Certainly, a portion of that accuracy is attributable to what we commented on earlier: guidance from the companies themselves. It becomes a slightly easier exercise to forecast future performance when the companies show you the answer key. Nevertheless, even the companies are subject to greater market forces and sometimes their own estimates don’t ring true, which is why research analysts should be applauded for their overall accuracy. Moreover, we as observers should feel confident in utilizing these findings to direct decision-making in these specific markets.

General Observations

Revenue estimates have been remarkably predictive, with a median actual performance compared to expected performance of 1.5% over the 15-year period that was studied. In other words, in totality, actual results were only 1.5% higher than expected results (as represented by NTM revenue estimates).

We recognized slightly larger variances of predicted EBITDA versus actuals in the sample that was reviewed. Interestingly, consensus estimates of EBITDA overstates actual results by 6.2% over this time period. So while revenue tends to be highly predictive of actual results, profitability tends to be lower than expectations. We view several items as contributors to this variance. First, despite the importance of EBITDA to businesses and the finance community, it is a metric that is likely of secondary importance to the research analyst community. Clearly, there’s a degree of focus to the metric, but revisions to NTM EBITDA estimates tend to occur less frequently than those to revenue and earnings per share (EPS) which one could argue are more influential to the retail and institutional investing communities. Second, EBITDA is a much more highly complex metric to forecast than revenue and therefore an inherently more difficult figure to accurately predict. The number of variables impacting EBITDA are far greater than those impacting revenue.

Most interesting to us was that analysts tended to be too optimistic in their expectations of EBITDA. This may be a result of inherent biases and a belief that operators will be able to make continual operational improvements to enhance margins in good times or become more cost-conscious during weaker periods, each as a reaction to the current and budgeted performance of their businesses. Whether this is the true underlying cause of this optimism or there’s a separate explanation, observers should take heed of this trend when analyzing the current market forecasts and ultimately making decisions based on them.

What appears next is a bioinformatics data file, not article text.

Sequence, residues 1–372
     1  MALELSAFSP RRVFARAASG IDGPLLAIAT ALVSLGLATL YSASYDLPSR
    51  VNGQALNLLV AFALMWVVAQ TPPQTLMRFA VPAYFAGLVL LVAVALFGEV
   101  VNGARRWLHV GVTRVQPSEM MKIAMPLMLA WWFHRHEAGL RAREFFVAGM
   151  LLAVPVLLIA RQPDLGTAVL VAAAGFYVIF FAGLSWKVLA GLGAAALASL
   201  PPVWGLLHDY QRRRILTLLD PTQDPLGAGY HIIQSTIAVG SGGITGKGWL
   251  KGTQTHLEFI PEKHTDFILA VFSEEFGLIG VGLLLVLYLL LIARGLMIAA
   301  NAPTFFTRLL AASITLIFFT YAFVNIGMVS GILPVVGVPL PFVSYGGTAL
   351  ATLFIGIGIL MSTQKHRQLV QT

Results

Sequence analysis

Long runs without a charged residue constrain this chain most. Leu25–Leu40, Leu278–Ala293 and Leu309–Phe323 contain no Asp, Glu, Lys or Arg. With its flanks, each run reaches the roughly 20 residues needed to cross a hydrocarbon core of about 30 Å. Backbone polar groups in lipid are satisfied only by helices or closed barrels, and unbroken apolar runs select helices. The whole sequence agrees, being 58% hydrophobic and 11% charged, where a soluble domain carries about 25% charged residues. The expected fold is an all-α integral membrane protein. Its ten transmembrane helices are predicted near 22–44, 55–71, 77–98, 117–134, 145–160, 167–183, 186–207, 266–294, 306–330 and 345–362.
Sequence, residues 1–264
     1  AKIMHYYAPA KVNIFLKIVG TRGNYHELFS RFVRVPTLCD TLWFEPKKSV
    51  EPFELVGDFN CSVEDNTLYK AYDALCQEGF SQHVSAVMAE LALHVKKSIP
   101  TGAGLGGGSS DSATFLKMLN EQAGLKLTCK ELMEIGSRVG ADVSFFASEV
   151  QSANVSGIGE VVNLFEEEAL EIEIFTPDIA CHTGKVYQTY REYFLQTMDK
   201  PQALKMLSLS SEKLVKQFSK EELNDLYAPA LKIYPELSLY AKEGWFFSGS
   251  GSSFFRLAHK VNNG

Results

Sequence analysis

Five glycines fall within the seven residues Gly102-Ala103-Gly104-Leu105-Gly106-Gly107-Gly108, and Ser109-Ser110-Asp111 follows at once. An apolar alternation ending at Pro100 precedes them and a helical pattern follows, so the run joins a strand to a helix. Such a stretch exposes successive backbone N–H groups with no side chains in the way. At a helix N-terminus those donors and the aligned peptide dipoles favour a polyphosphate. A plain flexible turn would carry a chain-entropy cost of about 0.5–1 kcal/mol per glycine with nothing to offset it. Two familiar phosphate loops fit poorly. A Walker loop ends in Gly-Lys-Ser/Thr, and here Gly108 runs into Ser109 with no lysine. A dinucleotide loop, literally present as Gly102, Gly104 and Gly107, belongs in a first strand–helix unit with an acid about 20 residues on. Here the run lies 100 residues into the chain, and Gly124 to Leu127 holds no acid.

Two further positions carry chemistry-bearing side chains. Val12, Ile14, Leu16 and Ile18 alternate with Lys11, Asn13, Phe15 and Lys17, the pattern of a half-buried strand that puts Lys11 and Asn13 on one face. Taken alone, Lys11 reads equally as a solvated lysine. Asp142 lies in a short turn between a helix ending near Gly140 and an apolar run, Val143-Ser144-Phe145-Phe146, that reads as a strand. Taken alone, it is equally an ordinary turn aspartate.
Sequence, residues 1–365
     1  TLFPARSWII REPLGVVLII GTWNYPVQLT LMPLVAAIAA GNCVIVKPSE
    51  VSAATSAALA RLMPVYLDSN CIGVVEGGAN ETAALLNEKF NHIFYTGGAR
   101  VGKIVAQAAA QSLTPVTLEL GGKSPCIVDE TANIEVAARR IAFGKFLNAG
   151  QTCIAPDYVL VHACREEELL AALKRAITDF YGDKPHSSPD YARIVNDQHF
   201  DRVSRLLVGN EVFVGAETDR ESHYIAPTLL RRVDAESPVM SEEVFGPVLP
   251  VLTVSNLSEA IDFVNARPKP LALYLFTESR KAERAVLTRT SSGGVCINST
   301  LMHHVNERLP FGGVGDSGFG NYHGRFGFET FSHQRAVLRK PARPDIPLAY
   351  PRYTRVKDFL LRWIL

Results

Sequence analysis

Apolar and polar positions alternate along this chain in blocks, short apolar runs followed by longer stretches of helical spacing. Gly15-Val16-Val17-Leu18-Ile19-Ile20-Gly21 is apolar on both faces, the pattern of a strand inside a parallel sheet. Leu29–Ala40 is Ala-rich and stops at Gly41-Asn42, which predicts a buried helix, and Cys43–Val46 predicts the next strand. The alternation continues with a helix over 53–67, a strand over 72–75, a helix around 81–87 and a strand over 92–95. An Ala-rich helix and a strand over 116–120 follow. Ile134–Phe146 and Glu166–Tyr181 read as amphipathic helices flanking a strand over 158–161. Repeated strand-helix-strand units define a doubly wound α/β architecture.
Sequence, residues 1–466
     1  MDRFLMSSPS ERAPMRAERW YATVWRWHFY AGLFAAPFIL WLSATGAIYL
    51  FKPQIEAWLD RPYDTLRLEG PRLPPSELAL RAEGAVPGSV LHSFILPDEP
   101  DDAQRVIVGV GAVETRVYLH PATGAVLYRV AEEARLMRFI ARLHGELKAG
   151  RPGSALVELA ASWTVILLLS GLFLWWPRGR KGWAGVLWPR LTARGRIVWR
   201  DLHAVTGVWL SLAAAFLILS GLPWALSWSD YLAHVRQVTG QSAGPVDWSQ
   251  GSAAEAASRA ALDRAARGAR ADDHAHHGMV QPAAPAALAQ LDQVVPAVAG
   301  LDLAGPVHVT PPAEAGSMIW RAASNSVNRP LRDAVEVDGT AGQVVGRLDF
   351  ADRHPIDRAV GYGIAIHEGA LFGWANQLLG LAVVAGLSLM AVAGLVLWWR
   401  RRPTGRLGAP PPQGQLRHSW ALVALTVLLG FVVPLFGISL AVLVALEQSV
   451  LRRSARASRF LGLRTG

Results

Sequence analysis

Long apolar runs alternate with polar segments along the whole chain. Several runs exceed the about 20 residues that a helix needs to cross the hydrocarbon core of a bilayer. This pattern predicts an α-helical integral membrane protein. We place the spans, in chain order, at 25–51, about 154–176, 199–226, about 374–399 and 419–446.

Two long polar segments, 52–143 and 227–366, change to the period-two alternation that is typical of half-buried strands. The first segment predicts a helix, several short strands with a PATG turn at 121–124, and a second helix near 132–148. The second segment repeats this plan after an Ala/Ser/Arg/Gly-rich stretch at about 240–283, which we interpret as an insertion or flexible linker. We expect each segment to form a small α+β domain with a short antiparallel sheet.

Additional Observations
As depicted in each of the charts above, there were much more meaningful variances on both metrics during two significant periods of our study: The Great Recession and the COVID-19 Pandemic. From late 2008 – early 2010, actual results of revenue and EBITDA underperformed materially relative to expectations. That tracks with logic as consumers slowed discretionary spending to a point where new boats and watercraft were not highly sought after. Similarly, during the early COVID lockdowns, when society was understandably more focused on health rather than leisure activities, spending in the outdoor enthusiast markets waned. As we all know though, demand for outdoor activities quickly came roaring back, causing a total shift in the dynamic, where analysts meaningfully underestimated the performance of the market. In fact, the demand by consumers was so great that analyst expectations and actual results are only now back at equilibrium.

While we can grant a little leniency to the analysts for not foreseeing the greatest economic downturn of our lifetime or a global pandemic in their crystal balls, it nevertheless drove us to dig deeper into certain segments of the data to understand the nuances that may drive higher variances. Are estimates only valuable when the stakes are lower or when growth/contraction can be more accurately predicted? Does consensus grow stronger if there’s greater coverage on a company? We continue to investigate these questions below.

Segmented Findings
Periods of Growth Versus Contraction
Despite the broader indication that market expectations are fairly predictive of future performance, we naturally wanted to understand if these prognostications were more or less accurate at predicting downturns or upturns. Would our general observation of accuracy be different if we isolated the information when analysts were optimistic versus when they were pessimistic?

Interestingly enough, this segmentation enhanced the performance of the analysts when considering directional expectations. In periods where there was an expected upswing in market performance, actual performance was 1.5% higher than expected. In situations where a contraction was expected, actual performance was 0.9% lower than predicted. To summarize, when isolating specific economic cycles, the anticipated performance of the NTM expectations relative to actuals is as strong or stronger than the data in totality. Digging deeper, while the analysts’ predictions are directionally accurate, they tend to be more conservative in their expected market swings than actuals (i.e. positive revenue momentum tends to be greater than predicted, while negative revenue momentum tends to be worse than anticipated).

Scale of Third-Party Research Coverage
Similarly, we investigated whether having more robust analyst coverage (i.e. more research analysts covering a business) would enhance the performance of the consensus or dilute it. Generally, logic would dictate more opinions in the mix would drive better performance and, in our analysis, it certainly did.